Professor Marshall

LESSON 2: History of Sociology and Basic Sociological Theory

Lesson 2

Target Competencies (Outcomes)

Evaluate the importance of sociological theories

Document the emergence of sociology as an academic discipline

You will demonstrate your competence by:

Completing the learning activities in this Learning Plan

Your performance will be successful when:

You can explain why sociology emerged as a mode of inquiry when it did

You can describe how sociology became an academic discipline

You can articulate what sociological theories are

You can explain how major sociological theories have developed

You can explain how sociological theories are used

Learning Activities

1. If you have not yet done so, READ Chapter 1 of your text.

2. READ the Applying Theory Cheat Sheet. This is a helpful summary which you can use throughout this course.

3. COMPLETE the lesson below.

Understanding the Role of Social Theory

Now that we understand the interplay between the micro and macro perspectives, we need to understand the role of theory in sociological research.

In the general study of society, theory is used as a foundation to research. It allows us to explain what is happening and it also allows us to predict what the consequences of actions might be. You can think of theory as the engine that drives research--without a theory (an IDEA) about how society is working, research wouldn't make sense.

So, theory is the idea that a researcher has about something in society--it is the "WHY" question that we ask when we are observing others. We do this when we're walking about, observing others and their behaviors. We ask, "Hmmm, I wonder why she's doing that?" Or, "Why would he make that choice?" These WHY questions form the foundation of theory--they help us to form ideas about the structure of society and the individual's place in it.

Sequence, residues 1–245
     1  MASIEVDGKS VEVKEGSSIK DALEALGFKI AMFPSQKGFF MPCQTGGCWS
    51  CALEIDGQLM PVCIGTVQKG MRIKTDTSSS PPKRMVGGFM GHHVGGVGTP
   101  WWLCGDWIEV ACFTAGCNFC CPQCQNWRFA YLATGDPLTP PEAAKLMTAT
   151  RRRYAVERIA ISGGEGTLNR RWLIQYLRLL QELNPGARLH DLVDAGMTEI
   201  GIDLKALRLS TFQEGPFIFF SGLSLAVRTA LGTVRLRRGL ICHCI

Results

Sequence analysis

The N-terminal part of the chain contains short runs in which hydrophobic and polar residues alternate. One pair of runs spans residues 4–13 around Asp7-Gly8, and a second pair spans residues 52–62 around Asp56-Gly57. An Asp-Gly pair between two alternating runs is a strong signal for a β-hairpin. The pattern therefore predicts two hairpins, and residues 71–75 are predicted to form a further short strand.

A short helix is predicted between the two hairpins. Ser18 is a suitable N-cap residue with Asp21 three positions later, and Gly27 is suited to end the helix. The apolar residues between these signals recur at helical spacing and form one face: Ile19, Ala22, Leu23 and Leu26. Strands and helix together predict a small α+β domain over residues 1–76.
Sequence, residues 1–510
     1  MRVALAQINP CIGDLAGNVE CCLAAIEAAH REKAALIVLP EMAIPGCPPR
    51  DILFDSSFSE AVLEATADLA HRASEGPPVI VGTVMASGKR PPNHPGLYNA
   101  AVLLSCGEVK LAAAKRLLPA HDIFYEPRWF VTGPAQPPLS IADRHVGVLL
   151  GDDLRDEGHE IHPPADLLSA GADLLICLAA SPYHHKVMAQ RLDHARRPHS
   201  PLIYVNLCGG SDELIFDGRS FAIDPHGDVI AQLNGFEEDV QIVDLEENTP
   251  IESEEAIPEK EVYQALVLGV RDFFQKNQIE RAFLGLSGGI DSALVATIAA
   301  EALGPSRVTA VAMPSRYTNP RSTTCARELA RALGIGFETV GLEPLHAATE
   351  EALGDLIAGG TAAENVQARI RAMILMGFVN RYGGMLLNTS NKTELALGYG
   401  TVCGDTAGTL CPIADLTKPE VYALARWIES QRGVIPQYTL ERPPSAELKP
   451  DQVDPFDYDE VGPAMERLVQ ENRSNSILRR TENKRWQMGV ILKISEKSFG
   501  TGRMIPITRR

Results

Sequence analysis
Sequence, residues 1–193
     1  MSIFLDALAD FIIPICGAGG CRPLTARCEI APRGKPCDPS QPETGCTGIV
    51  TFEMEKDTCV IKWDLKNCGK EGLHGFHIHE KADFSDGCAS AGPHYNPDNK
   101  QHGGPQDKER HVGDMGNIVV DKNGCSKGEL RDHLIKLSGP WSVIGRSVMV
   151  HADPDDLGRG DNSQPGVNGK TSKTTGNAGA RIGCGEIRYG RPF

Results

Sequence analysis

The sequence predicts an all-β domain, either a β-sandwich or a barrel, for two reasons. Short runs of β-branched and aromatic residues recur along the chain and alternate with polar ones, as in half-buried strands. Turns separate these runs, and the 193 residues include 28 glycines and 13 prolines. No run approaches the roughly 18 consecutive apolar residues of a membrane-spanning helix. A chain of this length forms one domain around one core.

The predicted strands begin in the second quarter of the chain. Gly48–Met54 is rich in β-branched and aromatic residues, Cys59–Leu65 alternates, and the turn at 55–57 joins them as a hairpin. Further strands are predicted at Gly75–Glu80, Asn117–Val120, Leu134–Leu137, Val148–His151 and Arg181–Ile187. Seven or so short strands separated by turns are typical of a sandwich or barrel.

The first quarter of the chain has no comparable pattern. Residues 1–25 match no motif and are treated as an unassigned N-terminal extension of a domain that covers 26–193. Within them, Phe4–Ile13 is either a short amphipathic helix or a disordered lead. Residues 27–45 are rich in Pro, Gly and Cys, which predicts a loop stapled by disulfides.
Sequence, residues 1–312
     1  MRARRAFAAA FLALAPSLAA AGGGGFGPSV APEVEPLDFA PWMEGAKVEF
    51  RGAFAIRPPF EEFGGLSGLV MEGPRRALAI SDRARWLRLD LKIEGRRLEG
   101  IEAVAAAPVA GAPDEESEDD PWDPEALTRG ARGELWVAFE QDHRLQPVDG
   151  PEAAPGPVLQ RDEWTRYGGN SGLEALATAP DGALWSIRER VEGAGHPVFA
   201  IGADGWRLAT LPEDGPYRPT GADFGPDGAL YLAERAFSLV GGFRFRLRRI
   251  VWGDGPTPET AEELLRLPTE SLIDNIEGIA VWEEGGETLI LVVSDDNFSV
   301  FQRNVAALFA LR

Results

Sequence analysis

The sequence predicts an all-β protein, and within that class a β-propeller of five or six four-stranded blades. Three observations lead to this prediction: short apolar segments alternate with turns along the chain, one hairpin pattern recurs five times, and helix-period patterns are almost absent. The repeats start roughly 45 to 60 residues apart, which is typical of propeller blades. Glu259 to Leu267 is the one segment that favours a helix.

More deeply, theories contain specific elements:

‣Subject Matter

"Subject Matter" refers to whether or not the theory deals with MACRO or MICRO perspectives.


All social theories contain specific assumptions about the structure and the individual and how these two things fit together.


Theories also allow a researcher to translate her ideas into a practical research project which uses the scientific method. Theories are used at the beginning stages of a research project (ASK QUESTIONS, DO BACKGROUND RESEARCH):

Scientific Process

Research can progress along different paths for sociologists: INDUCTIVE, DEDUCTIVE, and SPIRALING. Each of these methods relies on the researcher's ability to theorize about a particular social issue, and then to create a research project which will explain why the issue exists.

While there are many theories in use in various research projects, there are three/four major theories in sociology from which other theories get their roots. These major perspectives are the points from which other theories formed--either as a response to a weakness, or as a new school of thought. We'll also be covering several CONTEMPORARY theories in this course. Below you'll find an explanation of the foundational major theories and some ideas about how these theories can help us to study society: